Again, we have broken our budget, but provided we have all the infrastructure we need from the get go, chickens will lay eggs for years, replacing them is cheap, seeds are cheap, and water is free if you can capture it; so yeah, I think you can live off of $1.25 per day provided you have the requisite equipment from the start.
This all brings me to another point though. While we have established that you can probably, legally, live for less than $1.25 per day in this country, it’s annoying to me that something millions of people do all over the world without thinking is something that here in this country requires research, nuance, and tiptoeing around to stay within the bounds of the law. Of course, I realize that in many countries the way in which people are living off $1.25 per day may be illegal in some way as well, but the fact that it isn’t enforced means that they have the de facto freedom to do so.
Again, I realize these people don’t necessarily have a choice, but if you wanted to shed your current lifestyle, go to one of these remote villages and live as they do, you probably could, and the respective government probably wouldn’t give you any grief about it.
Here however, all the aspects that make living off the grid attractive are still subject to the scrutiny and regulation of the government, which to me is a bit antithetical to the concept. I probably fall in more of the lowercase ‘L’ Libertarians in terms of federally owned public lands (I like the idea that there are huge swaths of land that anyone can enjoy), and I get that things like hunting/fishing licenses are useful for keeping track of who is shooting what, but at the same time, I feel like the number of people who would/do take up such an off the grid lifestyle would be such a minor factor in anything they do that they should be generally ignored by the government, and yet, they won’t. Someone will harass them about their property taxes, someone will harass them about what permits they do/don’t have, someone will harass them about how many fish they caught that day, and someone will harass them about how long they’ve been camped in that one spot.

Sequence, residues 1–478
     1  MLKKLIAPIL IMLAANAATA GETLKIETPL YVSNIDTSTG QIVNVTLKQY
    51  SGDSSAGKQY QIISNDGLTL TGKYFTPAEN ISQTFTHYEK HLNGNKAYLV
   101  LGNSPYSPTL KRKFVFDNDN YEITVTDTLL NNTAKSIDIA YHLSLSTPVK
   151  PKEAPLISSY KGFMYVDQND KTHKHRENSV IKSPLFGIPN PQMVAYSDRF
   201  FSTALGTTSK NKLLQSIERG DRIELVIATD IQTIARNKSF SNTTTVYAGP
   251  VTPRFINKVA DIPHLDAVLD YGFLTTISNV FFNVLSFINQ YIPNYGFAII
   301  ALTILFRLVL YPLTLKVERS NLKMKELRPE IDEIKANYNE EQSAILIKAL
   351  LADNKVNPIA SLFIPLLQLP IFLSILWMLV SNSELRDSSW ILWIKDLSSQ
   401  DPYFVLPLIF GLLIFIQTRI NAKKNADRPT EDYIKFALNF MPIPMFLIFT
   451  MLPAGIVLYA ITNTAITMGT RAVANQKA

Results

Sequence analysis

In light of that, while not monetary, the cost of eschewing the typical lifestyle of an American becomes obnoxious and unpalatable when forced to deal with the government. The whole point of disappearing into the woods in the first place is to avoid just that. That isn’t freedom.
So, can you live off of $1.25 per day? The answer is technically yes, but it wouldn’t be worth it.
* ColoradoYeah runs the Libertarian leaning website (read: blog) coloradoyeah.com. He doesn’t have enough time and money for epic, cross country, road trips.